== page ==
• temporal starting and end points: the starting point of the process is outside, the end point is within the immediate scope (the profiled semantic part),

• the force dynamic structure of the motion: it comprises the average physical effort needed for upwards (tilted, not vertical) human motion by walking,

• spatial starting and end points: the starting point of the process is outside, the end point is within the immediate scope.

The fel ‘up’ prefix has some specific features within the felmegy ‘go up’ unit in the construal:

• the physical nature of the path: there is physical support from below, though in the background, not profiled (ground support for motion designated by megy ‘go’ is inherent;

the prefix fel does not schematize support), has a schematic endpoint, unspecified by the sides, and the physical medium of the path is unbounded from above;

• direction of the path: ascending, with varying degress of steepness between mild ascent and the almost vertical rise;

• the direction of the upward path is mentally processed with simulated temporality (subjective motion);

• the inner section of the path is continuous, only the seriality of the episodic steps of walking divide it into parts (if at all) – this is the point where the simulative sequential but backgrounded temporality of the prefix meets with its spatial character, activated by the motion verb;

• the construal features of the path are adjusted to the verb and to other complements in the clause by elaboration processes.

The features listed above function in a spatial reference frame as a default, with the conceptualizer as the primary reference point. The accessible operation schemas of cognition determine the parameters of this spatial reference frame, and not the geometric (physical) coordinates. The spatial reference frame is set up from a human perspective; the direction upwards, the imagery path is related to the position of the human body (the conceptualizer’s body) as experienced when standing on the ground (the floor) (c.f. Heine 1997; Fazakas 2007: 40). The primary meaning of felmegy ‘go up’ instantiates this reference frame, as in (13b) and (13c): in these situations the attic is related higher to the spatial position of the speaker (the conceptualizer) while uttering the clause, when construed within the real or imagined spatial vicinity of the event.

The verb felmegy ‘go up’ has semantic varieties when adjusted to specific spatial positions serving as the end point (the goal) and consequently manners of the motion. In (14–16) the

manner of motion differs from mere walking. (14) includes steep walking or climbing, often on a ready-made path with diverse degrees of steepness. (15) implies a ladder and climbing, no walking, the path is steep. The motion expressed in (16) needs grasping and stepping the path is (almost) vertical, along the trunk of a tree.

(14) felmegy a hegyre up-go the hill-SUBL

‘climb the hill’

(15) felmegy a tetőre up-go the roof-SUBL

‘climb the roof’

(16) felmegy a fára up-go the tree-SUBL

‘climb the tree’

In the clauses (14–16) the implied nature of the divers paths show their role in the construal:

the inner section of the three paths differ in the episodic steps (component states) of climbing.

These component states are conceived sequentially in the simulation, but differently, related to the same verb felmegy ‘go up’. Stated above first, now demonstrated in direct examples, this is the point where the simulative sequential but backgrounded temporality of the prefix meets with its spatial character, activated by the motion verb, since the motion itself varies, expressed by the same verb, but adjusted to the imagined path.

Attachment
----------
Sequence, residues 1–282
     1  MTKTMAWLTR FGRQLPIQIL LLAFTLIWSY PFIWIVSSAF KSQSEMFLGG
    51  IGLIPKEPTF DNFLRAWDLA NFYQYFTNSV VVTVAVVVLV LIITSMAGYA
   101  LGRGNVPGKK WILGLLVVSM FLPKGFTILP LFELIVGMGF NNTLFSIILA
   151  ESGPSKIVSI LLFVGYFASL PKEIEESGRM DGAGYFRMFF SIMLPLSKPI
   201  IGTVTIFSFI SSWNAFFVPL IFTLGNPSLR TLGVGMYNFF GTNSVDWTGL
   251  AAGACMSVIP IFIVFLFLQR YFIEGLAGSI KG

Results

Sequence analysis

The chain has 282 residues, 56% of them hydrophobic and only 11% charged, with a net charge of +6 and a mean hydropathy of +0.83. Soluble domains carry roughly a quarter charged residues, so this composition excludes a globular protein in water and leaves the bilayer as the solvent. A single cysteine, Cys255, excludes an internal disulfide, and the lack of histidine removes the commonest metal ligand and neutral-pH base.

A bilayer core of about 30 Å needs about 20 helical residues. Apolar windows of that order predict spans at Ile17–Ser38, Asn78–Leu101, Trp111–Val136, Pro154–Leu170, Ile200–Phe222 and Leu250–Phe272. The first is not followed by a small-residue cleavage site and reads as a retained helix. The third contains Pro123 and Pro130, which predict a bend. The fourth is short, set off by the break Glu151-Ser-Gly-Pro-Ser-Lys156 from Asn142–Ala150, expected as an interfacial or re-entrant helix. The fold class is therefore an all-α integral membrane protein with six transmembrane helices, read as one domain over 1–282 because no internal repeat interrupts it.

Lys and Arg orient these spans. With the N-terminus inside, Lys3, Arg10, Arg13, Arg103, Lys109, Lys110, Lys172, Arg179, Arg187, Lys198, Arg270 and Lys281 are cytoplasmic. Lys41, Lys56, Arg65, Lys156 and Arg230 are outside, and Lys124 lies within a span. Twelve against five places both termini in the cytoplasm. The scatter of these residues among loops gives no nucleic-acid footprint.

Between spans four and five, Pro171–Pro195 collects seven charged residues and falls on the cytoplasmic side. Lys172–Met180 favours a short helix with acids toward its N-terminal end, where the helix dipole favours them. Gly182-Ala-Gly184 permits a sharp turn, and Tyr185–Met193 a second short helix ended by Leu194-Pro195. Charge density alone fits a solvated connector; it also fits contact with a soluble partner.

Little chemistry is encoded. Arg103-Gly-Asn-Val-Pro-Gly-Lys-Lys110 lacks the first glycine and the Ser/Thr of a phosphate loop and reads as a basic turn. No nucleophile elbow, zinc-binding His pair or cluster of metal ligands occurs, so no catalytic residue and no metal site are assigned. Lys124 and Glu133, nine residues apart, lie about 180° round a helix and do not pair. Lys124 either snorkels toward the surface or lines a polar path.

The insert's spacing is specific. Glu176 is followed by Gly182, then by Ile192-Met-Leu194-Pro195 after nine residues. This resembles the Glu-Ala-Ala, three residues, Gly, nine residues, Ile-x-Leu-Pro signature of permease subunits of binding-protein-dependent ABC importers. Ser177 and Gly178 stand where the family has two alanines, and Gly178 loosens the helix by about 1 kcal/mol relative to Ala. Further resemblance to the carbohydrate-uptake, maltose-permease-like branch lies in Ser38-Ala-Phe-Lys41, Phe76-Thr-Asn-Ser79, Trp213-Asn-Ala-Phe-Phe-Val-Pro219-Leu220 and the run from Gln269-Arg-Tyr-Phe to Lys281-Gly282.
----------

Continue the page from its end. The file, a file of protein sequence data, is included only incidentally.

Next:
In other cases, the type of the path itself is expressed as a complement of felmegy ‘go up’.

A ladder has an average steepness requiring feasible effort for upward human motion, with regular steps for walking; that is the semantic content of the path in (17). The scaffold de-mands a special upward climbing, even when provided with (steep) ladders.

(17) felmegy a lépcsőn

up-go the ladder-SUPERESS

‘step up the ladder’

(18) felmegy az állványon up-go the scaffold-SUPERESS

‘step up the scaffold’

Verbs of self-motion other than megy ‘go’ also have some role in the construal of upward motion, where the upward direction is expressed by the prefix fel ‘up’. In (19) the verb expresses the extra effort needed to climb the (steep) ramp, while in (20) the verb implies that the moving body has to grasp parts of the prototypically vertical wall in order to get higher.

(19) felkaptat az emelkedőn

up-climb-slowly the ramp-SUPERESS

‘climb slowly up the ramp’

(20) felkúszik a falon

up-climb the wall-SUPERESS

‘climb up the wall’

These features demonstrate that the components of the Hungarian prefix + verb composite structure form a complex grammatical (semantic and morpho-syntactic) unit. Both components have some influence on the other, and both are adjusted to the other, at the same time.

5. Summary

The paper presented a cognitive semantic analysis of the Hungarian prefix fel ‘up’, concentrating on the basic factors and features. As it was demonstrated, the prefix fel ‘up’, as Hungarian prefixes in general, expresses a dynamic direction in real space in its primary meaning, upward in this case, with simulational subjective temporality. This prefix, as all the others, forms a composite structure with the main verb. The paper discussed (i) the general features of the prefix fel ‘up’, (ii) it argued that the direction in Hungarian prefixes is processed by mental simulation along the path, scanning the component states, whith this imaginative simulation as subjective motion including backgrounded temporality, (iii) gave some basic details of the spatial variants of the path expressed by the prefix fel ‘up’ with self-motion verbs, focusing on the verb construction felmegy ‘go up’, in particular, and also mentioning other constructions specifying the features of the path and the manner of motion.


This paper was supported by the National Research, Development and Innovation Office of Hungary, project No. K-129040 (Verbal constructions in Hungarian. Research in usage-based construction gram-mar) and the Thematic Excellence Program of ELTE Eötvös Loránd University, Budapest, Hungary.